The Forest Society supports public policy initiatives which promote the wise use of wood for energy and which advance the practice of sustainable forestry.
The sustainable harvesting of wood products is a significant part of the Forest Society’s purpose for owning and managing conservation land. The wood products industry is New Hampshire’s third largest commercial industry. Sustainable timber harvesting can (and should) increase the age and species diversity of our forests, two important indicators of forest resilience. It serves other land management goals, including the creation of wildlife habitats, maintenance of biodiversity, promotion of recreational opportunities, and protection of clean water. Our ultimate goal is to keep forests as forests.
Markets for low grade wood are essential to the practice of sustainable forestry. On Forest Society land about 70 percent of the standing timber is “low grade,” which means it is not suitable for sale as saw logs to a commercial sawmill that makes lumber. When paper mills were flourishing in northern New England much of this low grade wood was sold to paper and pulp mills. Today, approximately 40% of low grade wood harvested in New Hampshire is sold to electric generating stations that use biomass for fuel. The rest is sold as pulp wood to the remaining paper mills in northern New England and as cordwood, wood pellets or chips for heating of homes and businesses.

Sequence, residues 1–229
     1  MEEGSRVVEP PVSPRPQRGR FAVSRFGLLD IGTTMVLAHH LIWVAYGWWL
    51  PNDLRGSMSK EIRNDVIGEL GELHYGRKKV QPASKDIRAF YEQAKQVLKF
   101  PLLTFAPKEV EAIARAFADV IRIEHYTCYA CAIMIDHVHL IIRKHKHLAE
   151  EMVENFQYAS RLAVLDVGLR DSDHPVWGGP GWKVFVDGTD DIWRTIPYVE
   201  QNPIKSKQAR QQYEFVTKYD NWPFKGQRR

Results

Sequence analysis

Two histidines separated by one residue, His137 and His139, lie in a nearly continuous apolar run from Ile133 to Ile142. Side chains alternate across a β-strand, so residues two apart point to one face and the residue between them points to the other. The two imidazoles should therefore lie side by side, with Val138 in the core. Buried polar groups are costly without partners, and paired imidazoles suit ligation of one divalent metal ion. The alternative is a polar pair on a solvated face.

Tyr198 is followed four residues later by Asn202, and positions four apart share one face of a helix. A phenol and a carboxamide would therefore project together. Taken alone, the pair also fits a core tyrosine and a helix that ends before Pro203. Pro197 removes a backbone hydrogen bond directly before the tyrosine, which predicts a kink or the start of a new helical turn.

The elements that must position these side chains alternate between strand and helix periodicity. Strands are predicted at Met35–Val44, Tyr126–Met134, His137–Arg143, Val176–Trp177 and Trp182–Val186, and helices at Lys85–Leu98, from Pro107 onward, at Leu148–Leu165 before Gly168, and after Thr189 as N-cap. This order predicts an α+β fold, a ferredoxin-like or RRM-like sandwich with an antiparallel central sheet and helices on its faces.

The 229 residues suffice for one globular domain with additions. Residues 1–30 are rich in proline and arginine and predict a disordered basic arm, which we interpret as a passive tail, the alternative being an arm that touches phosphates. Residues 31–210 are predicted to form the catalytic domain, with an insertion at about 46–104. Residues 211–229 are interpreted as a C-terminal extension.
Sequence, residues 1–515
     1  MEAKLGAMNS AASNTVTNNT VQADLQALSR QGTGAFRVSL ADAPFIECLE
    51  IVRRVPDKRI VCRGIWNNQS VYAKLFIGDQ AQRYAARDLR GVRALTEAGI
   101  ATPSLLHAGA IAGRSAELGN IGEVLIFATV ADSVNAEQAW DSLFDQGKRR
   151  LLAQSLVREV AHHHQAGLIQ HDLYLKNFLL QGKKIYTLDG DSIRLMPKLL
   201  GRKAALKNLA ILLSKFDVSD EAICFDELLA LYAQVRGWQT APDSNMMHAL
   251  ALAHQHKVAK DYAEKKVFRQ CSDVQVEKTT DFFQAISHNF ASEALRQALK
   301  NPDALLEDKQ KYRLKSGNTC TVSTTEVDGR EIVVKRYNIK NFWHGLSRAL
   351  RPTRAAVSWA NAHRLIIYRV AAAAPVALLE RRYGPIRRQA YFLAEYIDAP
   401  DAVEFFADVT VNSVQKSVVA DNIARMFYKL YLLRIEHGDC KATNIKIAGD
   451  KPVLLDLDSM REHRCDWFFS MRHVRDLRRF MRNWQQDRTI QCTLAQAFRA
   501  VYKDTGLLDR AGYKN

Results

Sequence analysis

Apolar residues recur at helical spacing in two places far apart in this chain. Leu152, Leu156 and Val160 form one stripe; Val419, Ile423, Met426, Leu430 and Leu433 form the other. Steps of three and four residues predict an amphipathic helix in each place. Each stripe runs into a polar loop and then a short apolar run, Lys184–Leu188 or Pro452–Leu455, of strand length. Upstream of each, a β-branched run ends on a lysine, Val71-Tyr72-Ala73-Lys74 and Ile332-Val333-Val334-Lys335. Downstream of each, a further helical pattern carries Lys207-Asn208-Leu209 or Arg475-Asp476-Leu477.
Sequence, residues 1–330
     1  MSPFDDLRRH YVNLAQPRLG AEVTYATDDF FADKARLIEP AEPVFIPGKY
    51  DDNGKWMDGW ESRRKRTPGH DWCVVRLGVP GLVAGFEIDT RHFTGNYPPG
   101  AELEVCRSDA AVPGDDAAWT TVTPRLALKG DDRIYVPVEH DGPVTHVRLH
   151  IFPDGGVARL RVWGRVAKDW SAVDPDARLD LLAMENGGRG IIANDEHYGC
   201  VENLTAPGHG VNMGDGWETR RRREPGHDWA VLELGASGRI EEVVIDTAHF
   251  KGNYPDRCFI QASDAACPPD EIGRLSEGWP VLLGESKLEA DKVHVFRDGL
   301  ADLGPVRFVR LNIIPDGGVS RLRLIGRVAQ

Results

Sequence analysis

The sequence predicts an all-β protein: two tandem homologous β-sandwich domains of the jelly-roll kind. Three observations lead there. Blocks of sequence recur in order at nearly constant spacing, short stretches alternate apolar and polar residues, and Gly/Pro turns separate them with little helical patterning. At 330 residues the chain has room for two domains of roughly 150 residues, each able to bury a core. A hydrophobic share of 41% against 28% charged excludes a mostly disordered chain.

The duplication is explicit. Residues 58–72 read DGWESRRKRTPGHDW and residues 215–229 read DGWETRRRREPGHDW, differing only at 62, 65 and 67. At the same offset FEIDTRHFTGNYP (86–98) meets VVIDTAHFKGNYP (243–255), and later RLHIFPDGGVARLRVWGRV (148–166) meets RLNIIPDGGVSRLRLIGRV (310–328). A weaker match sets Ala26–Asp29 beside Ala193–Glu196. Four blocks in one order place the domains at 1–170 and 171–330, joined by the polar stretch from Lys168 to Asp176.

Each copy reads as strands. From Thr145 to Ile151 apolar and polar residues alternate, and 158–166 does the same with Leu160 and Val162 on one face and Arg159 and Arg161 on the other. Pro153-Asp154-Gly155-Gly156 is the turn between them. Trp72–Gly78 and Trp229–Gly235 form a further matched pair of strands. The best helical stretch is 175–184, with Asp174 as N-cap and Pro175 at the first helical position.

The majority of State Legislators share our view that using low grade wood to generate heat and electricity has societal benefits. During recent legislative sessions bills were passed to provide subsidies for wood energy, specifically to generating stations using wood to create electricity. Governor Sununu repeatedly vetoed legislation providing these subsidies on grounds that the subsidies provided were unfair to electric ratepayers, though he did allow one subsidy bill to pass that benefited the Burgess Power plant in Berlin which has a long term contract to sell power to Eversource.
Using wood to generate electricity is less efficient (per unit of energy generated) that using wood to generate thermal energy. But, whether we use wood for electricity, for heat, or both, if we want to keep forests as forests in New Hampshire we need sustainable markets for low grade wood. And we need to sustain those who work in the woods to provide fuel to the marketplace.
Unfortunately, the Legislature was unable to override Governor Sununu’s most recent veto of a bill (HB 183) to sustain subsidies for six smaller wood electricity generating stations. The result was the closure of two of the six plants, with the other four likely to shut down soon. There likely will be future opportunities for low grade wood to be used for things other than burning it for energy, but at the moment, and for the foreseeable future, there are no readily available markets for the volume of low grade wood these plants have been purchasing. As a state, we should be building new bridges to future low grade wood markets before tearing existing bridges down.